The Dyatlov Pass incident resulted in the deaths of nine ski hikers in the northern Ural mountains on the night of February 2, 1959. It happened on the east shoulder of the mountain Kholat Syakhl (Холат-Сяхыл) (a Mansi name, meaning Mountain of the Dead). The mountain pass where the incident occurred has since been named Dyatlov Pass (Перевал Дятлова) after the group's leader, Igor Dyatlov (Игорь Дятлов).
The lack of eyewitnesses has inspired much speculation. Soviet investigators determined only that "a compelling natural force" had caused the deaths. Access to the area was barred for skiers and other adventurers for three years after the incident.[better source needed] The chronology of the incident remains unclear because of the lack of survivors.
Investigators at the time determined that the hikers tore open their tent from within, departing barefoot into heavy snow and a temperature of −30 °C (−22 °F). Although the corpses showed no signs of struggle, two victims had fractured skulls, two had broken ribs, and one was missing her tongue.
A group was formed for a ski trek across the northern Urals in Sverdlovsk Oblast. The group, led by Igor Dyatlov, consisted of eight men and two women. Most were students or graduates of Ural Polytechnical Institute (Уральский Политехнический Институт, УПИ), now Ural State Technical University:
- Igor Alekseievich Dyatlov (Игорь Алексеевич Дятлов), the group's leader, born January 13, 1936
- Zinaida Alekseievna Kolmogorova (Зинаида Алексеевна Колмогорова), born January 12, 1937
- Ludmila Alexandrovna Dubinina (Людмила Александровна Дубинина), born May 12, 1938
- Alexander Sergeievich Kolevatov (Александр Сергеевич Колеватов), born November 16, 1934
- Rustem Vladimirovich Slobodin (Рустем Владимирович Слободин), born January 11, 1936
- Yuri Alexeievich Krivonischenko (Юрий Алексеевич Кривонищенко), born February 7, 1935
- Yuri Nikolaievich Doroshenko (Юрий Николаевич Дорошенко), born January 29, 1938
- Nicolai Vladimirovich Thibeaux-Brignolles (Николай Владимирович Тибо-Бриньоль), born July 5, 1935
- Alexander Alexandrovich Zolotariov (Александр Александрович Золотарёв), born February 2, 1921
- Yuri Yefimovich Yudin (Юрий Ефимович Юдин), born July 19, 1937
The group arrived by train at Ivdel (Ивдель), a city at the center of the northern province of Sverdlovsk Oblast on January 25. They then took a truck to Vizhai (Вижай) - the last inhabited settlement so far north. They started their march toward Otorten from Vizhai on January 27. The next day, one of the members (Yuri Yudin) was forced to go back because of illness. The group now consisted of nine people.
Diaries and cameras found around their last camp made it possible to track the group's route up to the day preceding the incident. On January 31, the group arrived at the edge of a highland area and began to prepare for climbing. In a wooded valley they cached surplus food and equipment that would be used for the trip back. The following day (February 1), the hikers started to move through the pass. It seems they planned to get over the pass and make camp for the next night on the opposite side, but because of worsening weather conditions, snowstorms and decreasing visibility, they lost their direction and deviated west, upward towards the top of Kholat Syakhyl. When they realized their mistake, the group decided to stop and set up camp there on the slope of the mountain rather than moving 1.5 kilometers downhill to a forested area which would have offered some shelter from the elements. Yuri Yudin, the lone survivor, postulates that “Dyatlov probably did not want to lose the altitude they had gained, or he decided to practice camping on the mountain slope."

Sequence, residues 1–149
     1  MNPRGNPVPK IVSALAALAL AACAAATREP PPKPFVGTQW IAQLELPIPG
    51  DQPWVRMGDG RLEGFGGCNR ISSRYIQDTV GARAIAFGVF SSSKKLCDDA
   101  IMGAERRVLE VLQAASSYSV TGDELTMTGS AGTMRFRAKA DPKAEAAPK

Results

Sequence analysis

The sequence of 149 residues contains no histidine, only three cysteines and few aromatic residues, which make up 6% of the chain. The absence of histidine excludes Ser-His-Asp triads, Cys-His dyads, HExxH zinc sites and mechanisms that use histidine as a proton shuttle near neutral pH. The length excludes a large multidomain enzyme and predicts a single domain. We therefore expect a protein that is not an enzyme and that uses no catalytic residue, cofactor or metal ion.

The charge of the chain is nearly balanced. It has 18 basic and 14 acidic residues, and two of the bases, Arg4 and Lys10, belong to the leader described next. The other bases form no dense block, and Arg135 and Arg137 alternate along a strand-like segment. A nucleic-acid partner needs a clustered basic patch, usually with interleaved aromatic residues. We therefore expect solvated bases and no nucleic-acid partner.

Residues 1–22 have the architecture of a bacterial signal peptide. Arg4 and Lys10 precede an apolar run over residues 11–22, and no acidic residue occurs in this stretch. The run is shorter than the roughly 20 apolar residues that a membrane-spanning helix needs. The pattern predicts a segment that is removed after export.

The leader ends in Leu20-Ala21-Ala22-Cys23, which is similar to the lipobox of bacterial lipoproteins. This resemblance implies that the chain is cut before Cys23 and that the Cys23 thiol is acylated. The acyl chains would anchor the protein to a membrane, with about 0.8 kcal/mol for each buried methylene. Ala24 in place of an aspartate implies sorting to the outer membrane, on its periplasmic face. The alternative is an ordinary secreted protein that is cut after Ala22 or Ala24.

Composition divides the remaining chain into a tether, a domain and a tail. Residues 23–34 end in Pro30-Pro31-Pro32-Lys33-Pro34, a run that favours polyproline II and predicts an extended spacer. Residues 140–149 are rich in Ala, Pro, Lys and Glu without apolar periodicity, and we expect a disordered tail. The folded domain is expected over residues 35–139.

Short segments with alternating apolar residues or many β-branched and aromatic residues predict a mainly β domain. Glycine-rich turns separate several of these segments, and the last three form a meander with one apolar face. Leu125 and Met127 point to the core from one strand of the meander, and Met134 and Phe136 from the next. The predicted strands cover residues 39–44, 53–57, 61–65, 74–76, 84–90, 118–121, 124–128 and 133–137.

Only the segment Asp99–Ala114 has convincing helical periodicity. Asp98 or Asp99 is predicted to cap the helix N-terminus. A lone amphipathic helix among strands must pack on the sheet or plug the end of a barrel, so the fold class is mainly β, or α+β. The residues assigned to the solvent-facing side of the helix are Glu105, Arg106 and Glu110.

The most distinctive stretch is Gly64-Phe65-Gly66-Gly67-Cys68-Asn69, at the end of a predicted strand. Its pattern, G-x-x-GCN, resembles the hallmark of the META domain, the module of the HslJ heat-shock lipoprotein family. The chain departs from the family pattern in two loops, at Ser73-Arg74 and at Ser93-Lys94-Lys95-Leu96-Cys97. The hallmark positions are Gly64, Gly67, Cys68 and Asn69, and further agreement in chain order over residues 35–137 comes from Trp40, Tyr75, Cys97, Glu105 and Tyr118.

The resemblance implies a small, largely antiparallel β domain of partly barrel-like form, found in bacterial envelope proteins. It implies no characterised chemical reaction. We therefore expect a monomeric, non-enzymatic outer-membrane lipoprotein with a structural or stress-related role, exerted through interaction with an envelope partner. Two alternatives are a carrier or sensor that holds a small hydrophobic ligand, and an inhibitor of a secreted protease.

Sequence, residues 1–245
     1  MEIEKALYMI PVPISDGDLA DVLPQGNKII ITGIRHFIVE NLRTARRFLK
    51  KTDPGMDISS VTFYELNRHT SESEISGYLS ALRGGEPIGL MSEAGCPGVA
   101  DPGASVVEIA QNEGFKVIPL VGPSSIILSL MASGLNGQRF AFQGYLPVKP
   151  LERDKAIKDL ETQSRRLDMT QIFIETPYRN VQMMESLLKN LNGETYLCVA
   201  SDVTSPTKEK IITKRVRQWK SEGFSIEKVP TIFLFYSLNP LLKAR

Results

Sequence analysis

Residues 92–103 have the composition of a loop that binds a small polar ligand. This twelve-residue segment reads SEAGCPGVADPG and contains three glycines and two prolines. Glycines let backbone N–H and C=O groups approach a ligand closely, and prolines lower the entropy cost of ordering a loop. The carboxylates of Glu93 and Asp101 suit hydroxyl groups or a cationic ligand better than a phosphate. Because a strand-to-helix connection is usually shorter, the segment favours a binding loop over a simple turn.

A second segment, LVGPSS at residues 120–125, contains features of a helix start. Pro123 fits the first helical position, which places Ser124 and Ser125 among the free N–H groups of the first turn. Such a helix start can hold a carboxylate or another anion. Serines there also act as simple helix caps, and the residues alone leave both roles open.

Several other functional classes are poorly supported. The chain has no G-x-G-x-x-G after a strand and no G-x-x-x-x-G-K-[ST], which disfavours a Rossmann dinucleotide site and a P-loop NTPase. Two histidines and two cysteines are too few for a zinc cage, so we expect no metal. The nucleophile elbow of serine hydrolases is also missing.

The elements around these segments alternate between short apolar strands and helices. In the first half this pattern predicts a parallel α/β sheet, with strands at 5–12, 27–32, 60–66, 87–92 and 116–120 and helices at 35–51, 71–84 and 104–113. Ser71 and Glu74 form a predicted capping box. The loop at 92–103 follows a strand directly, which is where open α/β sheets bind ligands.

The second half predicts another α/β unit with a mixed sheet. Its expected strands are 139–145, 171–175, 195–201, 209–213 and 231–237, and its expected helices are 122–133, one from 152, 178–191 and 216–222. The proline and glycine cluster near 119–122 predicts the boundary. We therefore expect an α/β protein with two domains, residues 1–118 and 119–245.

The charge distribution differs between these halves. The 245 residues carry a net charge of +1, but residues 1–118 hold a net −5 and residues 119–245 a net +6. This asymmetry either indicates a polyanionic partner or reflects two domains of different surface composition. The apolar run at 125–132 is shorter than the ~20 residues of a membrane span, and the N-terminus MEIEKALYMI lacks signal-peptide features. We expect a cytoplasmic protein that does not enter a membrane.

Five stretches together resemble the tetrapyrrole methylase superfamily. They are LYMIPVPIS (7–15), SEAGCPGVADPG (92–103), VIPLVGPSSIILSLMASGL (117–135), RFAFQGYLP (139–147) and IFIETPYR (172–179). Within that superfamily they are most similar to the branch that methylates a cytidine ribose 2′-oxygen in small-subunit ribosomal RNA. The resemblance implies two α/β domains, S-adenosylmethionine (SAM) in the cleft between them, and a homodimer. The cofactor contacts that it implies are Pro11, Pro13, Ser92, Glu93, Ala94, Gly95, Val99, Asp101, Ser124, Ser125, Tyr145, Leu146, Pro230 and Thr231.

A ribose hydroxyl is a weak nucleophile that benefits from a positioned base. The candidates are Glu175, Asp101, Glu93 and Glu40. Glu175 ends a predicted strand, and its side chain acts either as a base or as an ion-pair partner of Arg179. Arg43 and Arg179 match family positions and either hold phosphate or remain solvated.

Search and discovery
It had been agreed beforehand that Dyatlov would send a telegraph to their sports club as soon as the group returned to Vizhai (Вижай). It was expected that this would happen no later than February 12, but Dyatlov had told Yudin that he expected to be longer, and so when this date had passed and no messages had been received, there was no reaction—delays of a few days were common in such expeditions. Only after the relatives of the travelers demanded a rescue operation did the head of the institute send the first rescue groups, consisting of volunteer students and teachers, on February 20. Later, the army and police forces became involved, with planes and helicopters being ordered to join the rescue operation.
On February 26, the searchers found the abandoned and badly damaged tent on Kholat Syakhl. Mikhail Sharavin, the student who found the tent, said “the tent was half torn down and covered with snow. It was empty, and all the group’s belongings and shoes had been left behind.” Investigators said the tent had been cut open from inside. A chain of eight or nine sets of footprints, left by people who were wearing socks, a single shoe or were barefoot, could be followed and led down toward the edge of nearby woods (on the opposite side of the pass, 1.5 km north-east), but after 500 meters they were covered with snow. At the forest edge, under a large old cedar, the searchers found the remains of a fire, along with the first two bodies, those of Yuri Krivonischenko and Yuri Doroshenko, shoeless and dressed only in their underwear. The branches on the tree were broken up to five meters high, suggesting that a skier had climbed up to look for something, perhaps the camp. Between the cedar and the camp the searchers found three more corpses, Dyatlov, Zina Kolmogorova and Rustem Slobodin, who seemed to have died in poses suggesting that they were attempting to return to the tent. They were found separately at distances of 300, 480 and 630 meters from the tree.